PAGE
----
Star Trek: The Next Generation Re-Watch: “Q Who”

“Q Who”
Written by Maurice Hurley
Directed by Rob Bowman

Season 2, Episode 16
Original air date: May 8, 1989
Star date: 42761.3

Mission summary

The Enterprise has a new arrival: manic pixie dream girl Ensign Sonya Gomez, who tries to charm us by being polite to replicators, babbling on incoherently, and spilling hot chocolate (so much cuter than coffee) on an unsuspecting Captain Picard. The captain heads to Officers’ Quarters (really? They have their own district away from the riff-raff?) but the turbolift dumps him instead onto a familiar-looking shuttlecraft out in the deepness of space… with Q.

Guinan has a hunch that something’s wrong, but no one believes her until Riker realizes the captain and shuttlecraft six are both missing. Picard, meanwhile, demands to be returned to his ship and upbraids Q for interfering when he promised he wouldn’t. Q then snaps them both back to the Enterprise and is surprised to find Guinan, an old and not-so-amiable acquaintance. It seems Q has alienated everyone, including the Q Continuum, and he has no place to go now. He offers to join the Enterprise‘s rag-tag crew! Picard acknowledges that it’s a “provocative” offer, but ultimately says he can’t possibly trust him.

Q: Oh. Well, you may not trust me, but you do need me. You’re not prepared for what awaits you.
PICARD: How can we be prepared for that which we do not know? But I do know that we are ready to encounter it.
Q: Really?
PICARD: Yes. Absolutely. That’s why we’re out here.
Q: Oh, the arrogance. They don’t have a clue as to what’s out here. […] You judge yourselves against the pitiful adversaries you have encountered so far. The Romulans, the Klingons. They are nothing compared to what’s waiting. Picard, you are about to move into areas of the galaxy containing wonders more incredible than you can possibly imagine, and terrors to freeze your soul. I offer myself as guide only to be rejected out of hand.
RIKER: We’ll just have to do the best we can without you.
Q: What justifies that smugness?
PICARD: Not smugness, not arrogance. But we are resolute, we are determined, and your help is not required.
Q: We’ll just have to see how ready you are.

Q snaps his fingers again and the Enterprise is flung 7,000 lights years away. It will take nearly three years to get to the nearest starbase. But hey, isn’t Guinan from around here?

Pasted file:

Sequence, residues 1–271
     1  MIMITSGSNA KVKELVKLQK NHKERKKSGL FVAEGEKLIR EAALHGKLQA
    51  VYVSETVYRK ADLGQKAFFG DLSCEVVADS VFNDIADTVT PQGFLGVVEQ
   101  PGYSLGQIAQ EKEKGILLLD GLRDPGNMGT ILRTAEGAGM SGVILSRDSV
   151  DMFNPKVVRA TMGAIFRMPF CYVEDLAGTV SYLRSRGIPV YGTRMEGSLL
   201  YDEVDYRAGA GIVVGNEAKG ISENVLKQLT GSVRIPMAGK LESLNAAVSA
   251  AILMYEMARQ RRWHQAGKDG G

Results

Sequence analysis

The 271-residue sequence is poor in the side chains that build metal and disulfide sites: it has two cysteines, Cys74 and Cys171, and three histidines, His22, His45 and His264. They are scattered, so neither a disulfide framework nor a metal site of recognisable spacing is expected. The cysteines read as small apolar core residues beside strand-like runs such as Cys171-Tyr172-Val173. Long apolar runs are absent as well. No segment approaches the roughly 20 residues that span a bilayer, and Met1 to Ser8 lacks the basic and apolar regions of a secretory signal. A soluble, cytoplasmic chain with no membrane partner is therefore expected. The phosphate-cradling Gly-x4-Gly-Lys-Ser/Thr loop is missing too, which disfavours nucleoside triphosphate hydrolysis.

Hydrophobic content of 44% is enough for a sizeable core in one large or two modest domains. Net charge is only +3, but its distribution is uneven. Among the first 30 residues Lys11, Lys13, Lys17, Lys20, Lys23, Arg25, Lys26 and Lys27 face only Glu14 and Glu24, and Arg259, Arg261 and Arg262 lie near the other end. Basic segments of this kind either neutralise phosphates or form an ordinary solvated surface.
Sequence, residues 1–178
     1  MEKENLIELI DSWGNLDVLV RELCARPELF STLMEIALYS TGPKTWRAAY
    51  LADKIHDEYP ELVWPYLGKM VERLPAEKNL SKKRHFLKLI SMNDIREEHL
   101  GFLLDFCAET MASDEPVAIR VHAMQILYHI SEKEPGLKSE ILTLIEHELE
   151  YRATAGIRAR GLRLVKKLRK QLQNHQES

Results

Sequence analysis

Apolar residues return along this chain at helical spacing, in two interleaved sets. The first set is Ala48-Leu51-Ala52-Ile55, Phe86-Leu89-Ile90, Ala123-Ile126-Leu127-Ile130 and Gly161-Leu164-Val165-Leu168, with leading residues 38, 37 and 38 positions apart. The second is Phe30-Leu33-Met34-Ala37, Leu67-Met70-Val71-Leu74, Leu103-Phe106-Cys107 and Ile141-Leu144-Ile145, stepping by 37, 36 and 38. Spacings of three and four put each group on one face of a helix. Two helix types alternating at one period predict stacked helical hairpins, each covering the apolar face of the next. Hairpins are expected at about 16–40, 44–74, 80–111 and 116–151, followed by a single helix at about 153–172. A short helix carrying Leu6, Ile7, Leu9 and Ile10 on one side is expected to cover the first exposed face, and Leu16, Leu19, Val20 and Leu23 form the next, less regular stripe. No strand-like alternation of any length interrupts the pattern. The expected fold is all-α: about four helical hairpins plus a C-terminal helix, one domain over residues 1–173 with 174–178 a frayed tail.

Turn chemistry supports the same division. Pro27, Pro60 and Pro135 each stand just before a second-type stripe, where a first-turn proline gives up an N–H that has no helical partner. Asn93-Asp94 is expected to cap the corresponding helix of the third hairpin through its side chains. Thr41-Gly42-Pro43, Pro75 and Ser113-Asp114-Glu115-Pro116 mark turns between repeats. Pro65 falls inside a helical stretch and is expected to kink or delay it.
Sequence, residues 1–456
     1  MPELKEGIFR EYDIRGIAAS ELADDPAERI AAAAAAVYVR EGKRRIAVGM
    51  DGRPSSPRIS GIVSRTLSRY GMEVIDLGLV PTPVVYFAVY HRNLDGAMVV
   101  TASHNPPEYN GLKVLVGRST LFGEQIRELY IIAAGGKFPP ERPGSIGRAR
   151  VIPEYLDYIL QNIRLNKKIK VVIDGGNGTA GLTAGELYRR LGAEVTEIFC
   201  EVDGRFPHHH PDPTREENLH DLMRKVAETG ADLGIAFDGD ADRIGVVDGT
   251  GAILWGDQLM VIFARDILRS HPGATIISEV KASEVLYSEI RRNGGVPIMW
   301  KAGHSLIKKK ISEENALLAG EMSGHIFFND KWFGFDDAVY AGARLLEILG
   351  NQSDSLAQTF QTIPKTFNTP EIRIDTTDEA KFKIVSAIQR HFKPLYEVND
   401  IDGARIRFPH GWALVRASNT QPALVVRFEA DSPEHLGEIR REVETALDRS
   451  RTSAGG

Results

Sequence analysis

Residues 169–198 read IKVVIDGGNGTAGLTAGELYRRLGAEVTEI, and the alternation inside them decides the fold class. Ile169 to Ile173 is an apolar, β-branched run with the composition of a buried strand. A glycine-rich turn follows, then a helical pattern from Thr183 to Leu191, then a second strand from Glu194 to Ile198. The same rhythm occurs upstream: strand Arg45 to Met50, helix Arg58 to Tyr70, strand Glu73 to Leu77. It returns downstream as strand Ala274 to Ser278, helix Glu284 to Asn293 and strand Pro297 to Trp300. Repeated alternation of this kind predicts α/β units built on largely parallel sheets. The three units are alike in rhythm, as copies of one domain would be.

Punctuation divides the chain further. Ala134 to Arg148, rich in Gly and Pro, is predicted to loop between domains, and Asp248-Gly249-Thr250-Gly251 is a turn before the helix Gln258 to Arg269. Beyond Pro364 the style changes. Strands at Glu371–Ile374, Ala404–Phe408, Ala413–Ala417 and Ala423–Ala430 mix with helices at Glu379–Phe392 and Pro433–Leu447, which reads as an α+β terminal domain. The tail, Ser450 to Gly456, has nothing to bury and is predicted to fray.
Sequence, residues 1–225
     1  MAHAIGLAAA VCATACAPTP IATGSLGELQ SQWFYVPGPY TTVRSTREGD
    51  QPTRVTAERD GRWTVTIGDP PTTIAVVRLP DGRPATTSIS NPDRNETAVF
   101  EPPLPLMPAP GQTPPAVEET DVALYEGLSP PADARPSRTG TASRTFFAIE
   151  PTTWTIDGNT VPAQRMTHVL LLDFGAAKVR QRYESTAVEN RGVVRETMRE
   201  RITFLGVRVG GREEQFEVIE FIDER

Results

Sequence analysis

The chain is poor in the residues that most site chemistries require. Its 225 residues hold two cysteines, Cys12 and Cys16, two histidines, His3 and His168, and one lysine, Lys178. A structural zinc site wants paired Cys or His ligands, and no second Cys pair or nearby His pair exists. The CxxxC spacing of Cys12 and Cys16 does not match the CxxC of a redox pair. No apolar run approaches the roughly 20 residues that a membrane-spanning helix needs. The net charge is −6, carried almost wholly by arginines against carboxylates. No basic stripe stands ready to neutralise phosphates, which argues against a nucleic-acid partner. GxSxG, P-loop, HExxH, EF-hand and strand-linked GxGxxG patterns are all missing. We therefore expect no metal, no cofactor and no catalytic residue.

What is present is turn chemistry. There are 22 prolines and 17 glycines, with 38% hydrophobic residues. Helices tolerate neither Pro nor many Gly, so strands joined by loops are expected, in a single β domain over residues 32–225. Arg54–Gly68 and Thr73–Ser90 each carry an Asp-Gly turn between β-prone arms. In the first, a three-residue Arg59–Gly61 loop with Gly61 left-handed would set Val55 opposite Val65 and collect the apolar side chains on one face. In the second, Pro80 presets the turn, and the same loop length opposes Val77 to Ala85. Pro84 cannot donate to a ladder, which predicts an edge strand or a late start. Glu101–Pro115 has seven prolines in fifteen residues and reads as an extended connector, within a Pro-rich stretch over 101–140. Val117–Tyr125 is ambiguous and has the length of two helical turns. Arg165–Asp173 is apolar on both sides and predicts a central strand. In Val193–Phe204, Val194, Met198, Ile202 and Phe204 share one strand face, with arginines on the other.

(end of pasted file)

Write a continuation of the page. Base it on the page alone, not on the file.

RIKER: What can you tell us?
GUINAN: Only that if I were you, I’d start back now.

Oh. Well, she’s just a mysterious, unfathomably old alien. What does she know?

They find a class M planet in the sector, which looks like all the machine parts have been ripped away, just as with the outposts mentioned in “The Neutral Zone.” Because its ears are burning, a giant cube flies through space to meet the Enterprise. Guinan warns them that this sector is home to the Borg, a relentless, cybernetic intelligence that wiped out her entire species. Cool! Picard goes in for a closer look.

Once the Cube is in range, a Borg beams over to Engineering and starts zapping the terminals, extracting information. Picard tries to reason with it but it ignores him. Worf is able to neutralize it, but a new one just pops up in its place, some kind of mechanical hydra. Worf gets this one, too, but the Borg already got what they wanted from the computer. They lock a tractor beam onto the Enterprise and cut out a little slice of the ship’s hull, taking 18 crewmembers with them. The Borg have a message: resistance is futile.

That’s not so great, actually, so Picard calls a meeting.

Q: The Borg is the ultimate user. They’re unlike any threat your Federation has ever faced. They’re not interested in political conquest, wealth or power as you know it. They’re simply interested in your ship, its technology. They’ve identified it as something they can consume.

So what do they do? They fire at the ship until the tractor beam is released, but the Cube is repairing itself and will be functional again in no time. Why waste the opportunity for research? Riker, Worf, and Data beam over to investigate this new, dangerous species, and find out that… they’re a relentless cybernetic intelligence. News, huh? It seems the cube is very generic, but each borg has his own little cubby hole that they can plug into.

Picard decides it’s time to get out of there, and once his full complement is back on board (well, aside from the unlucky eighteen) he tells Wesley to gun the engine full-throttle. The Cube pursues, and even at maximum warp the Enterprise isn’t going to get out of this one.

WORF: The Borg are still gaining.
Q: They will follow this ship until you exhaust your fuel. They will wear down your defenses. Then you will be theirs. Admit it, Picard. You’re out of your league. You should have stayed where you belonged. […] You can’t outrun them. You can’t destroy them. If you damage them, the essence of what they are remains. They regenerate and keep coming. Eventually you will weaken, your reserves will be gone. They are relentless. […] Where’s your stubbornness now, Picard, your arrogance? Do you still profess to be prepared for what awaits you?

Jeeeeez, what an obnoxious winner. But he’s not done until he has Picard begging.